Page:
Maps

maps

Maps

Noam Rabinovich

 

Noam Rabinovich’s Maps , as the title indicates, map the intimate relationship of the artist with his natural surroundings. Rabinovich is a unique artist: he is a sower, a tiller of the soil, and a researcher, who maintains an ongoing, day-to-day relationship with the plants he cultivates and cares for. Unlike maps that are intended to mark directions, goals, a single road to follow, Rabinovich’s Maps encourage strolling and prompt a private, sensual relationship with the place.

 

Like other projects in the exhibition, which spur us to rethink issues of ownership and belonging, Rabinovich also works anonymous public land, but he breathes new life into it and invests it with new meaning. The topographical lines of the wadi (dry river bed) next to his home, Kibbutz Beit Hashitah, interweave the drawing and mark the walking route itself.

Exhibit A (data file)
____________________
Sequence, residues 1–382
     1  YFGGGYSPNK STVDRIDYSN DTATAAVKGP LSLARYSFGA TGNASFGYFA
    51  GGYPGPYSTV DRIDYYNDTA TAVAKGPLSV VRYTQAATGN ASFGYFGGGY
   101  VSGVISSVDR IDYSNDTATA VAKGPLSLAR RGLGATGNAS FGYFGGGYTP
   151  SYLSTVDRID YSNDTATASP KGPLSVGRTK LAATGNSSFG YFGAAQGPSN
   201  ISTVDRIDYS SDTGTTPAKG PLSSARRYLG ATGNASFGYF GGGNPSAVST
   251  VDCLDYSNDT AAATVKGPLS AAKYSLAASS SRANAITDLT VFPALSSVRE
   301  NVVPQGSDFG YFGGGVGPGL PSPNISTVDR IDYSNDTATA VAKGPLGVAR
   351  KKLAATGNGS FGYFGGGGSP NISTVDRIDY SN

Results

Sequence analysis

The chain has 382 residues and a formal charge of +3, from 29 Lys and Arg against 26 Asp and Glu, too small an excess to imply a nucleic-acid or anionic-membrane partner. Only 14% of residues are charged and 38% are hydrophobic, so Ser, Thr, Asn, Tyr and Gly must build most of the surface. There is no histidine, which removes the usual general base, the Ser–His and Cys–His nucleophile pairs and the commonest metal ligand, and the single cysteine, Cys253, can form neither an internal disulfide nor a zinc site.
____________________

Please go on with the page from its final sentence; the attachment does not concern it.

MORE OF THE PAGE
Rabinovich’s work converses with a long history of botanical drawings yet does not portray the plant as an object. Rather, his art is a living testimony of working the land. Rabinovich works the paper the way he works the land. He draws and erases, erases and draws, turns it over and over – until the drawing contains the many, varied archeological layers that brought it into being.
 

 

Noam Rabinovich

Map 3

2010

Drawing in black ink, brown ink, and colored pencils on paper

Courtesy of the artist

 

Map 7

2010

Drawing in graphite and brown ink on paper

Courtesy of the artist

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